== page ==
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S AME clouds collected upon these mountains, uniting with succeeded by any very violent shocks of an earthquake. S. AMERICA. those which come from the north, occasion very heavy The quantity of lava and ashes was so great that it filled rains, accompanied with thunder, in all the provinces the neighbouring vallies, and occasioned a rise of the

Geographic le montant beyond the Andes, particularly in those of Tucuman waters of the l'ingeraca, which continued for many colore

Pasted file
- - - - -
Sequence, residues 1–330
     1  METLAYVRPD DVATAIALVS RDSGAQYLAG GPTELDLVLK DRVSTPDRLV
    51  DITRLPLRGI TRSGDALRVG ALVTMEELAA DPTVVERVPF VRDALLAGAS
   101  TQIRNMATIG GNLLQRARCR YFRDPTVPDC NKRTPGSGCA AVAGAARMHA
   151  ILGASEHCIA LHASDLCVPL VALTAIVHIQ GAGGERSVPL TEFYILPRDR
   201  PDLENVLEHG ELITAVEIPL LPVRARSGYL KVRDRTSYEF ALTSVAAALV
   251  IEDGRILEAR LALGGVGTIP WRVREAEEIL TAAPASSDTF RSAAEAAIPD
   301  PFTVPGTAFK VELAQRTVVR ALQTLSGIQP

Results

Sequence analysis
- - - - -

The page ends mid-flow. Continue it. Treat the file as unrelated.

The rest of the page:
and Cujo, while, at the same time, the atmosphere of days. At the same time the course of the Lontue, a Chili is constantly clear, and its inhabitants enjoy their very considerable river, was impeded for ten days, by finest season. The contrary takes place in winter, a part of the mountain which fell and filled its bed; the which is the fine season in these provinces, and the water at length forced itself a passage, overflowed all rainy in Chili. The south wind never continues blow- the neighbouring plains, and formed a lake which still ing during the whole day with the same force; as the remains. In the whole of the country not included in sun approaches the meridian, it falls very considerably, the Andes, there are but two volcanoes; the first, siand rises again in the afternoon. At noon, when this tuate at the mouth of the river Rapel, is small, and diswind is scarcely perceptible, a fresh breeze is felt from charges only a little smoke from time to time; the sethe sea, which continues about two or three hours; the cond is the great volcano of Villarica, in the country husbandmen give it the name of the twelve o'clock of Arauco. This volcano may be seen at the distance breer, or the countryman's watch, as it serves to regu- of 150 miles; and although it appears to be insulated, late them in determining that hour. This sea-breeze re it is said to be connected by its base with the Andes. turns regularly at midnight, and is supposed to be pro- The summit of the mountain is covered with snow, and duced by the tide ; it is stronger in autumn, and some is in a constant state of eruption; it is 14 miles in cirtimes accompanied with bail. The east winds rarely pre- cumference at its base, which is principally covered rail in Chili, their course being obstructed by the Andes. with pleasant forests: a great number of rivers derive Hurricanes, so common in the Antilles, are unknown their sources from it, and its perpetual verdure furnishes here; there exists, indeed, a solitary example of ahurri- a proof that its eruptions have never been very violent. cane, which, in 1633, did much injury to the fortress of The inhabitants usually calculate three or four earthCaremalpo, in the south part of Chili. The mild tem- quakes at Chili annually, but they are very slight, and perature which Chili almost always enjoys must depend little attention is paid to them. The great earthentirely upon the succession of these winds, as a situa- quakes happen but rarely, and of these not more than tion so near the tropic would naturally expose it to a five have occurred in a period of 244 years, from the more viclent degree of heat. In addition to these, the arrival of the Spaniards to the present period, 1818. tide, the abundant dews, and certain winds from the From a course of accurate observations, it has been asAndes, which are distinct from the east winds, cool the certained that earthquakes never occur unexpectedly air so much in summer, that in the shade no one is ever in this country, but are always announced by a hollow incommoded with perspiration. The dress of the in- sound proceeding from a vibration of the air; and as habitants of the sea-coast is the same in the winter as the shocks do not succeed each other rapidly, the inin the summer; and in the interior, where the heat is habitants have sufficient time to provide for their safety. more perceptible than elsewhere,